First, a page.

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Suraj Bhan Vs. Somwarpuri - Court Judgment

LegalCrystal Citation
SubjectProperty
CourtAllahabad
Decided On
Judge
Reported inAIR1915All419; 30Ind.Cas.949
AppellantSuraj Bhan
RespondentSomwarpuri
Excerpt:
pre-emption - bundlekhand land alienation act (ii of 1903), section 3--sanction by collector to bring suit for pre-emption, when required. - - the sanction contemplated in section 6 is clearly in the case of a voluntary transfer......to many objections that the sale of the property should be kept in abeyance until such time the collector sanctions or refuses to sanction the sale. we may also point out that it is extremely doubtful whether the collector could give any such sanction to a pre-emptor. there is no provision in the act which entitles an intending pre-emptor to get the sanction of the collector to bring a suit for preemption. if the sanction of the collector could not be obtained before the bringing of the suit, it seems a fortiori that he could not grant the sanction subsequently. the sanction contemplated in section 6 is clearly in the case of a voluntary transfer. we allow the appeal, set aside the order of the learned district judge and restore the decree of the court of first instance with costs in.....
Judgment:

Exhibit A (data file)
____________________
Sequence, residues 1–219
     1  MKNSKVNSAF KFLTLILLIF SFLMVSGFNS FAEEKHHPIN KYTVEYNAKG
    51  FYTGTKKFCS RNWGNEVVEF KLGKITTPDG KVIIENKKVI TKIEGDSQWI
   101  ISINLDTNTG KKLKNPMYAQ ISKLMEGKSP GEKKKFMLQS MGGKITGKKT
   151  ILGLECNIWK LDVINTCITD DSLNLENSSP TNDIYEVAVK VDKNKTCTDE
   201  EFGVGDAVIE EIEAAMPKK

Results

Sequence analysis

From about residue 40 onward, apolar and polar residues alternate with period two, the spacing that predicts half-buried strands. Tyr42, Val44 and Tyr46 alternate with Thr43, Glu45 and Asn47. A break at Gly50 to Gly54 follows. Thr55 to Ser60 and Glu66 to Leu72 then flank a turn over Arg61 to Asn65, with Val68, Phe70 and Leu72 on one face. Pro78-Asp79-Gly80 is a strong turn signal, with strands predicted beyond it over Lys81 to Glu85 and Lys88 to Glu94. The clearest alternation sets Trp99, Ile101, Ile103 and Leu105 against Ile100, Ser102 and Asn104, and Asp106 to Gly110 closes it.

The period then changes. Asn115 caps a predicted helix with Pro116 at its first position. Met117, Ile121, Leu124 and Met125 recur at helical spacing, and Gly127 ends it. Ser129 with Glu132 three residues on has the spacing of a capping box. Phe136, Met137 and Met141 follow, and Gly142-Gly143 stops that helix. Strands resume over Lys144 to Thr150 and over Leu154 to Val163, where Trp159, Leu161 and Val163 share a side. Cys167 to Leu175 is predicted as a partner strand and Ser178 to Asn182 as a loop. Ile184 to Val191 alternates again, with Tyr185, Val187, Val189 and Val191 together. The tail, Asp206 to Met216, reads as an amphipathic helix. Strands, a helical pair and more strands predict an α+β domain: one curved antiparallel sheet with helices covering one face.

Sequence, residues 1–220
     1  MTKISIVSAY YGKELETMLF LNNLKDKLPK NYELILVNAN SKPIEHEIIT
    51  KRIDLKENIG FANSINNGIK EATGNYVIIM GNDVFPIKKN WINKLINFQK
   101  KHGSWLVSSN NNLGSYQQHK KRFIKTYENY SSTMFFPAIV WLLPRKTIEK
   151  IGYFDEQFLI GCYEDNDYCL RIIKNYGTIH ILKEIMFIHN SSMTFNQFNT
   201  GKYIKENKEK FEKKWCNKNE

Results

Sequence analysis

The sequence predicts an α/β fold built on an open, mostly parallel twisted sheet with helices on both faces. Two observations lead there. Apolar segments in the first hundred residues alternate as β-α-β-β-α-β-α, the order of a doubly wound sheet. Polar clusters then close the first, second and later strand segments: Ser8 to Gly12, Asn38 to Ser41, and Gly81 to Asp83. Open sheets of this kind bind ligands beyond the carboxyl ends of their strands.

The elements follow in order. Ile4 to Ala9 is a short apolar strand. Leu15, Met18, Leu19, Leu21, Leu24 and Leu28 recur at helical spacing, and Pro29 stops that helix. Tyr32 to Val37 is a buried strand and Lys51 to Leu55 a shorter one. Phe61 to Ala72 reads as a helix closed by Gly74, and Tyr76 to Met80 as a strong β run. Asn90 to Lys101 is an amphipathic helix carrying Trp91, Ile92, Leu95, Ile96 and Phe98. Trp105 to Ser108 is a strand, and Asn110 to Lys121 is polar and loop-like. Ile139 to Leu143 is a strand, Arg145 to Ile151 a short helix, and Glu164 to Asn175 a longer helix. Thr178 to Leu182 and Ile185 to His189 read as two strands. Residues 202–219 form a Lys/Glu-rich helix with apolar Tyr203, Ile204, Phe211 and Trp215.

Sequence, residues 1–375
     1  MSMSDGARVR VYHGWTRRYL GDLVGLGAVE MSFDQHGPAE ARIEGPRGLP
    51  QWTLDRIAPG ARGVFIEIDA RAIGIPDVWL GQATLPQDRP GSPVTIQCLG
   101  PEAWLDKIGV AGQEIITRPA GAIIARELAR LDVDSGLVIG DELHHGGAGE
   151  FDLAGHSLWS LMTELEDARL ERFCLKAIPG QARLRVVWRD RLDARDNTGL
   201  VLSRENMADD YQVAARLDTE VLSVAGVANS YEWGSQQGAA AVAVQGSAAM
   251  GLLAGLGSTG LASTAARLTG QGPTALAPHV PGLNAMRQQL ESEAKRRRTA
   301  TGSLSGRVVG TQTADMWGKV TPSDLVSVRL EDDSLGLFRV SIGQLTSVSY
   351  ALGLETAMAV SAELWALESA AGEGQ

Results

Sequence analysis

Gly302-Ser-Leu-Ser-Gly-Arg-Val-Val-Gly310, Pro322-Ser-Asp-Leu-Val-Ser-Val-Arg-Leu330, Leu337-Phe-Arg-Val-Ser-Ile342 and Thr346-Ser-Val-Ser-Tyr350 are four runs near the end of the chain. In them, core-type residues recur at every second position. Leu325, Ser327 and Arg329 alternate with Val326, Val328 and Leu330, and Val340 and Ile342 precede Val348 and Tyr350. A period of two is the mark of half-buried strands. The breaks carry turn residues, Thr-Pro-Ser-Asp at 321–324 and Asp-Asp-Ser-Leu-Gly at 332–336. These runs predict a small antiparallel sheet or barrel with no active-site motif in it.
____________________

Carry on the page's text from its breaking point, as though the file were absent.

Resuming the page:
1. This appeal arises out of a suit for pre-emption. The plaintiff pre-emptor has been found by both the Courts to be a person who was not entitled to purchase the property in question having regard to Section 3 of the Land Alienation Act, II of 1903, inasmuch as he was not a member of an agricultural tribe. The Court of first instance dismissed the plaintiff's suit on this ground. The lower Appellate Court seems to have considered that the Court might make a decree in the plaintiff's favour subject to the consent of the Collector to be subsequently obtained, and remanded the case. We think the view taken by the learned District Judge was not correct. The plaintiff's alleged cause of action was the fact that the vendor, being bound by a custom of pre-emption to first offer the property to the plaintiff, did not do so. We think that the Act, which provides that the property should not be soil to the pre emptor, entirely absolved the vendor from any obligation to first offer the property to the pre-emptor. It is said that the subsequent sanction of the Collector might smooth over all these difficulties. It seems to us that the Court's jurisdiction was either to grant a decree for pre-emption or not to do so. It would be obviously open to many objections that the sale of the property should be kept in abeyance until such time the Collector sanctions or refuses to sanction the sale. We may also point out that it is extremely doubtful whether the Collector could give any such sanction to a pre-emptor. There is no provision in the Act which entitles an intending pre-emptor to get the sanction of the Collector to bring a suit for preemption. If the sanction of the Collector could not be obtained before the bringing of the suit, it seems a fortiori that he could not grant the sanction subsequently. The sanction contemplated in Section 6 is clearly in the case of a voluntary transfer. We allow the appeal, set aside the order of the learned District Judge and restore the decree of the Court of first instance with costs in all Courts.


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